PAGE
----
While one usually knows what people like about their preferred political parties, one tends to be less aware of what voters dislike about their parties. An investigation into this by TurkiyeRaporu.com showed that Turkey's two largest parties also have the most disgruntled base.
The most pressing problem Turkey faces today is unemployment. The main cure for it is an structural improvement of the Turkish economy.
In a country that has more than 50 million registered voters, a single vote does not carry much influence. Yet voter turnout in Turkish elections remains over 80%. So why do Turkish people vote? In fact, fulfilling one's duties as a citizen matters more than having an impact on the election results.
Even though the majority of the society did not conduct an earthquake test, 66.4% of society believes that their home is earthquake resistant. In fact, 43.7% of attendants stated that they believe their homes are earthquake resistant even though they never conducted an earthquake test. Statistics demonstrate that Turkey is not prepared for earthquakes at both an infrastructure and individual level.
Following a significant earthquake and amid a turbulent political conjuncture, Turkey's citizens are worried. Yet rather than politics or economics, people are mostly concerned about their individual security and that of their families.
Speculation regarding the potential of new parties are abound. According to our September 2019 polling across Turkey, the potential for the new parties that would be established by former prime minister Ahmet Davutoglu and former economy chief Ali Babacan stood a little over 17% combined. This number in line with the 15-20% of the electorate who are looking for something new. We will have to wait and see whether the new parties will be able to realize this potential.
As the demands of its electorate have changed, the AKP can no longer resort to ideological polarization. This could allow for shifts in the political landscape.
A nation-wide poll, conducted during the first week of January, showed that 58% of the population is against sending troops to Libya. A breakdown of the result according to party supporters is telling. The AKP base itself is opposed to it and a divergence prevails between the AKP and the MHP bases.
Turkey is now sending military support for the Government of National Accord (GNA) to aid in its fight against General Hafter. The potential benefit of this decision is too distanced from the public life. Particularly, if the mission turns into an operational one, it will be very difficult to explain to the public why we are indeed in Libya.
Turkey is locked into a single issue and it is not the new wave of Turkey bound refugees from Idlib. It is the mega Canal İstanbul project. However, public does not have adequate knowledge of the project according to a recent poll.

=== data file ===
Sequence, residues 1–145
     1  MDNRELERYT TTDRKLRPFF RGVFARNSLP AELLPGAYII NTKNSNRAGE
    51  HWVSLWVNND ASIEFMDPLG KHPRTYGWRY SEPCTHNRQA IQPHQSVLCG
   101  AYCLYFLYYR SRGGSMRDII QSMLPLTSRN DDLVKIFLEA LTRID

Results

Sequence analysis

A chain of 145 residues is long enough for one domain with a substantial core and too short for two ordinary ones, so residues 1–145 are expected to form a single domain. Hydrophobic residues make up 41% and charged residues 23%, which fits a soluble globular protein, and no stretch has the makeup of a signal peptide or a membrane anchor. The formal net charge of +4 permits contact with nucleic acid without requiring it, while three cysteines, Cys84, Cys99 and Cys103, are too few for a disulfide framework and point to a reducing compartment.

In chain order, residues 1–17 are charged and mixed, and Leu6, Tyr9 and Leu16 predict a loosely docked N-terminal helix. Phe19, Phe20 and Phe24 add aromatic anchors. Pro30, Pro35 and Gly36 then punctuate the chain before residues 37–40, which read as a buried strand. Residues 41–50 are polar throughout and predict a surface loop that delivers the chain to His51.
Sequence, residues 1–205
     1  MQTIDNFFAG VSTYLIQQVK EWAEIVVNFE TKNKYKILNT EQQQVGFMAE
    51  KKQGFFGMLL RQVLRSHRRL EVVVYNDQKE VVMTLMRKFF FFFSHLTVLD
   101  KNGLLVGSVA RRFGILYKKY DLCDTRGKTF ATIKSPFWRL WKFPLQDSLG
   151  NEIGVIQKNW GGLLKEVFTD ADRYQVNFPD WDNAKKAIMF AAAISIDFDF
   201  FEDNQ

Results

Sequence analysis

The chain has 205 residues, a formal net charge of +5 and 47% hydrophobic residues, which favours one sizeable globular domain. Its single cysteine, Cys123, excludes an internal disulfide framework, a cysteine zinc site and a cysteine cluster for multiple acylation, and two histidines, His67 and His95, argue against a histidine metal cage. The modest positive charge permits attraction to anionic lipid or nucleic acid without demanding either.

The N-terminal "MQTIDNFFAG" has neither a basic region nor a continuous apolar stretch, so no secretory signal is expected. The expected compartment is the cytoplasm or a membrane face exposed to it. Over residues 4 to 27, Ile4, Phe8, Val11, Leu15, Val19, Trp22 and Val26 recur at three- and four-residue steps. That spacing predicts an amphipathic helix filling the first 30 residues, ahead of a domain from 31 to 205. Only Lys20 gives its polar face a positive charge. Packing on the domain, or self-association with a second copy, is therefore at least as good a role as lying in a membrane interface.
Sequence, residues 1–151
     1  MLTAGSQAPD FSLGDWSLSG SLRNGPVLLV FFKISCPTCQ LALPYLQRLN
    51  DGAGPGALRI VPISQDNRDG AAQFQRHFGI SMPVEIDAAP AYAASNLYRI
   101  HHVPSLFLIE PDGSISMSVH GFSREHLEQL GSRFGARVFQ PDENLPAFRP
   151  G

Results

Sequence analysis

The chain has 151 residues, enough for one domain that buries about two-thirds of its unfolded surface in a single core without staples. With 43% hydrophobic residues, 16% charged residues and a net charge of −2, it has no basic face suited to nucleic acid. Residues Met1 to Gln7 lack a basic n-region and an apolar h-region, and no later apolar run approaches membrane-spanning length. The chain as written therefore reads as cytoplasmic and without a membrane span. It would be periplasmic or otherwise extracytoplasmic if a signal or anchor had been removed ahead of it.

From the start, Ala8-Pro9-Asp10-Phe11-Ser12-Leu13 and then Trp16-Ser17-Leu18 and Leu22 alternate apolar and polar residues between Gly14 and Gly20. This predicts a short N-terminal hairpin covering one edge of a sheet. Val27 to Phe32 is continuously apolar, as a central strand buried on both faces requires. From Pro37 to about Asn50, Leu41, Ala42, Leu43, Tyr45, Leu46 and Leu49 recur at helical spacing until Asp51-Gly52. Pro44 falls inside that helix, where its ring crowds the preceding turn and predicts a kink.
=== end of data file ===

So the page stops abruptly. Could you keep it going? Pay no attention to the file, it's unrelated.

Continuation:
Finally, last week, former Prime Minister and chief of foreign policy, Ahmet Davutoğlu’s much anticipated Future Party was inaugurated. Analysts are rushing to deem his party’s chances slim. I see that there is a fundamental flaw in that analysis.
For a long time now, all our polling points to two main sources of dissatisfaction among the public. First is the economy. Second is the Syrian refugees and the Syria policy. Both are policy areas where Mr. Babacan and Mr. Davutoğlu were responsible for at the highest level of public office. It would have been much easier and strategically correct for President Erdoğan to link today’s woes to the wrong doings of the two during when they were in office.
Most recently, an event transpired likely to be seen in scenarios of an absurd comedy piece. With the “pro” votes of MHP and AK Party MPs, the bill postponing the requirement for filtration in thermal power plants, was approved in the parliament. The decision caused an uproar in the opposition ranks but also in a large section of society. Then, something quite unexpected happened; President Erdoğan vetoed the bill. The irony is of course, that the very same law that was tabled by Mr. Erdoğan’s AK Party was vetoed by President Mr. Erdoğan himself.
Last Tuesday, former Deputy Prime Minister, Mr. Ali Babacan for the first time appeared on national television as an opposition politician. Mr. Babacan did not object when the host of the talk show host suggested he appears as more of a “political organizer” than a “political leader”. It shows that his movement is not organized in the typical political hierarchy that voters are used to see.
A couple of months ago, when three HDP mayors were removed from office, I had predicted that this increased the chances of early elections in the fall of 2020. Looking at the economic sentiment of the house hold, it is safe to say chances for an early elections has slimmed since. Because, right now economy is the number one priority of the Turkish electorate and they are not happy.
According to a latest poll, President Erdogan's Justice and Development Party (AK Party) appears to have lost 1.2 points of support whereas Nationalist Movement Party (MHP) increased its support by 3.1 points after Turkey's "Operation Peace Spring" in northern Syria.
Day-to-day events and inconsistent messages that have been coming from Turkey's traditional Western partners over the past decade have fostered negative sentiments. Yet the majority of the Turkish public values a long-term partnership with the West.
Since 2015, patterns in voting behavior have been shifting. Poor governance and a stagnant economy are largely behind this change.